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Universiti Sains Malaysia catapulted to apex status 10 years ago. - NSTP/File pic
Universiti Sains Malaysia catapulted to apex status 10 years ago. - NSTP/File pic

Going to an alumni reunion is always a cherished experience.

It fits well with the Malay proverb — tempat jatuh lagi dikenang, ini pula tempat bermain — which gives a thousand interpretations to what a university is all about.

Universiti Sains Malaysia (USM) was a place where learning was fun, exploratory and challenging.

All the more so because of its location in Penang, which is known for activism on social justice, the environment and health, to name a few, especially in the early 1970s before the Universities and University Colleges Act (better known as AUKU) took full grip.

Even at the time, lecture halls were intellectually sterile with overemphasis on getting good grades rather than becoming good citizens and well-balanced human beings.

However, things worsened when AUKU was enforced in campuses.

Although attempts are made to remove it, this will be a long time coming.

The reunion is a time to relive the “cheer” of yesteryear. It is also a time to strengthen rapport, and build trust and affinity with the alma mater.

It is a time to renew acquaintances with more than 170,000 former students and make new friends while catching up on the latest developments with the top management.

Unfortunately, the university was poorly represented. Except for two members of the board of governance (BoG) and the registrar, there was no one else from the university.

One of the BoG members hurriedly left the event after it barely even started. The BoG chair and vice-chancellor were visibly absent. The BoG did not even clarify, let alone apologise, for this.

In conjunction with the 50th anniversary of USM, the presence of the BoG would have been meaningful.

The reunion was planned for more than two years and endorsed by the management. Expectations were high for a well-organised do, held at a very respectable hotel in Bukit Bintang, Kuala Lumpur.

The presence of the pro-chancellor, however, saved the day.

Appropriately so because he was the longest serving member of the BoG and decades ago was the adviser to the alumni association called AUSM (awesome).

Needless to say, he is an alumnus — a tokoh alumni at that — firmly entrenched in the DNA of the alma mater.

However, amid the celebrations, many were concerned about some internal developments. Three issues cropped up.

FIRST, why was the incumbent vice-chancellor’s contract not renewed?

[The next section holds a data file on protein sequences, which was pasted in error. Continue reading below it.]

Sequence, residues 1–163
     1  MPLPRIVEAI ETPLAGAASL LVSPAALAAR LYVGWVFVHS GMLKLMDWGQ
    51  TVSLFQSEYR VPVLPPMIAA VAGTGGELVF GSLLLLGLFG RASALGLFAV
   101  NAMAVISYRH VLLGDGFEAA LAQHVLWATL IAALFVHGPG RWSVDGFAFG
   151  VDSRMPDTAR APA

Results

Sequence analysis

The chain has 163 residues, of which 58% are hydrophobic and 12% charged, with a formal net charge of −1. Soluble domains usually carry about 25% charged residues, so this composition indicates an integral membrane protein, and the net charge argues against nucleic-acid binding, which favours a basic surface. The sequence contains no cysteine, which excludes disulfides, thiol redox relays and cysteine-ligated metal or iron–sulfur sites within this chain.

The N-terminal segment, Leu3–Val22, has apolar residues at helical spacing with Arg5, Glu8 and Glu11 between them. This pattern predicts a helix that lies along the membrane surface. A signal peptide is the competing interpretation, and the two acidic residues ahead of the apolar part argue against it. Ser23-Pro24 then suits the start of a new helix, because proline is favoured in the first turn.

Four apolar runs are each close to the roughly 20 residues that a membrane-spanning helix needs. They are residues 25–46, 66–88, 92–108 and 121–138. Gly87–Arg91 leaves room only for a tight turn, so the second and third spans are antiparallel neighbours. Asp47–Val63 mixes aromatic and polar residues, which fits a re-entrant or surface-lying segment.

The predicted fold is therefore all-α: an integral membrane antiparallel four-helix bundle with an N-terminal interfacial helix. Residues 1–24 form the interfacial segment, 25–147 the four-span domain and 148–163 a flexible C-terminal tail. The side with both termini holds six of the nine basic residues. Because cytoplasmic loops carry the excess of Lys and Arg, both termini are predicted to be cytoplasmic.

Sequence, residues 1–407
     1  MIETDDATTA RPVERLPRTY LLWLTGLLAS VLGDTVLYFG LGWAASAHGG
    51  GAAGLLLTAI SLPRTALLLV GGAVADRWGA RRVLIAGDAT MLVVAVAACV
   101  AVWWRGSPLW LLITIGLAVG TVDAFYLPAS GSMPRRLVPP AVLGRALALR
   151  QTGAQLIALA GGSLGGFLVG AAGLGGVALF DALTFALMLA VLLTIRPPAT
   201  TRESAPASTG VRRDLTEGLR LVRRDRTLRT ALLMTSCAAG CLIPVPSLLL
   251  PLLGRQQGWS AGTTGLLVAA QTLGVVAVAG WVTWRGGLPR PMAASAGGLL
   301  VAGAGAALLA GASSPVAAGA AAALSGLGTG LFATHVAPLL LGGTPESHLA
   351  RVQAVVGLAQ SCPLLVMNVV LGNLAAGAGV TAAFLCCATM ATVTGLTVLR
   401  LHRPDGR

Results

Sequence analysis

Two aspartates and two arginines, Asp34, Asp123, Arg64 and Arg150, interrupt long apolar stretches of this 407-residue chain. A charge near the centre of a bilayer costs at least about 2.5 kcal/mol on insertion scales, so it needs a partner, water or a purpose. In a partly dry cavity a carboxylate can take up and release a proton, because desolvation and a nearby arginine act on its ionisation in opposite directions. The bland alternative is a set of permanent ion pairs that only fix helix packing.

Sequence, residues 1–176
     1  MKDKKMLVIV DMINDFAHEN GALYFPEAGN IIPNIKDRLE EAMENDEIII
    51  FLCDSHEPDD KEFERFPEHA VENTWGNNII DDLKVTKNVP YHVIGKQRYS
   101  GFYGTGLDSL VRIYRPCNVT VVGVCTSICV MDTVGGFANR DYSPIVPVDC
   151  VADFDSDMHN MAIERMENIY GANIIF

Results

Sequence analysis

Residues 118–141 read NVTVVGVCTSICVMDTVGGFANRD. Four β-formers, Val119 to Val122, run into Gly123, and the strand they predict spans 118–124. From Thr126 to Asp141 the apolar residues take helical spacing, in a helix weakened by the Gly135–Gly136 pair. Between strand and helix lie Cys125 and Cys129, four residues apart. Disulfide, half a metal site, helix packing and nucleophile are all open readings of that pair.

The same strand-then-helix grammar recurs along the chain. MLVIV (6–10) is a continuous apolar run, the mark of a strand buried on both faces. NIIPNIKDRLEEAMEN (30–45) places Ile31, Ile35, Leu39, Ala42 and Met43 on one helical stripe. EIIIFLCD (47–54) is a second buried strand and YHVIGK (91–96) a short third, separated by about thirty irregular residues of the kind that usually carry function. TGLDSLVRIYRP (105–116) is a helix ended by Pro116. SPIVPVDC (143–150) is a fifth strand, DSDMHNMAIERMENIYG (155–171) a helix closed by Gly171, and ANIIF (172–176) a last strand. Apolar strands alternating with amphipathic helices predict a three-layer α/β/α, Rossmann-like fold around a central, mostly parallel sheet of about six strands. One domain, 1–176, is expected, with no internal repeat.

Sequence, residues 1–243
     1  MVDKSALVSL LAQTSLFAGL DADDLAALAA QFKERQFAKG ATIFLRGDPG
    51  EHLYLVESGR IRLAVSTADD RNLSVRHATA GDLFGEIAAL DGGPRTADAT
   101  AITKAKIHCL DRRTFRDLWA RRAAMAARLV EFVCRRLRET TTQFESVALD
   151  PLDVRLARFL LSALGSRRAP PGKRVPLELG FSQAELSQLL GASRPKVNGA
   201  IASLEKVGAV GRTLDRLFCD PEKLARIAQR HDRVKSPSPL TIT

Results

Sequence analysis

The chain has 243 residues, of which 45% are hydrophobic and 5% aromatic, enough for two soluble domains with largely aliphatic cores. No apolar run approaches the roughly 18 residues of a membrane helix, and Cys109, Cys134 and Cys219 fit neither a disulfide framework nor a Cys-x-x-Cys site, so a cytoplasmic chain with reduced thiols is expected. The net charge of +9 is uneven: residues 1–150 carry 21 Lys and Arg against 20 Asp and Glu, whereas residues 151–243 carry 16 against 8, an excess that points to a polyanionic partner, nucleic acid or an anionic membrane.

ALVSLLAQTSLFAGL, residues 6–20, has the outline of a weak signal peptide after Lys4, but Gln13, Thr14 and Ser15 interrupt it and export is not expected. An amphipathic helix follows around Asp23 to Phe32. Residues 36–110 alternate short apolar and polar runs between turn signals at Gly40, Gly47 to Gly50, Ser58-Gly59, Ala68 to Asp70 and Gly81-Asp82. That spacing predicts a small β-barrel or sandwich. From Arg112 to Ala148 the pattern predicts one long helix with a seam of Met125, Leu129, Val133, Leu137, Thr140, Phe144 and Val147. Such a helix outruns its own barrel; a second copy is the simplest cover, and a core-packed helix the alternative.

As it stands, she is USM’s shortest serving vice-chancellor despite her academic credentials and administrative capability.

Something is amiss and it should be made known in the spirit of transparency and accountability.

SECOND, the non-renewal seems not only odd but also unjust.

This is against the government’s call that 30 per cent of top managers at institutions must be female. And for vice-chancellors in public universities, the number should be at least six.

A quick survey shows there is a shortage of female vice-chancellors even though there is an abundance of qualified female candidates.

So what is the rationale behind this?

THIRD, it was related to USM’s massive slide from top position at the time she assumed the post.

By all counts, this was not an easy task, for teamwork is needed to swing USM around.

In this regard, she did well, and was chatty compared with the other BoG members combined.

Just from the three issues alone, it was apparent that her contract was the subject of the day.

It raised many assumptions including a possible abberation in the university’s age-old DNA that defines its raison d'être.

The former students can help to quickly put things right.

Some may question what can the alumni do. In fact, the alumni’s capacity to contribute impactfully was dismissed.

Let us remember that USM catapulted to apex status 10 years ago.

For the APEX period of five years, USM was allocated RM800 million. Not many know that the alumni devoted time and effort without fanfare. Even a 1.0 percent of the time and effort translate into RM8 million in savings to USM.

USM must hit the ground‎ running and other efforts must be seen to be taken to ensure the current alumni are happy.

The writer was the USM alumni president from 2015-2019

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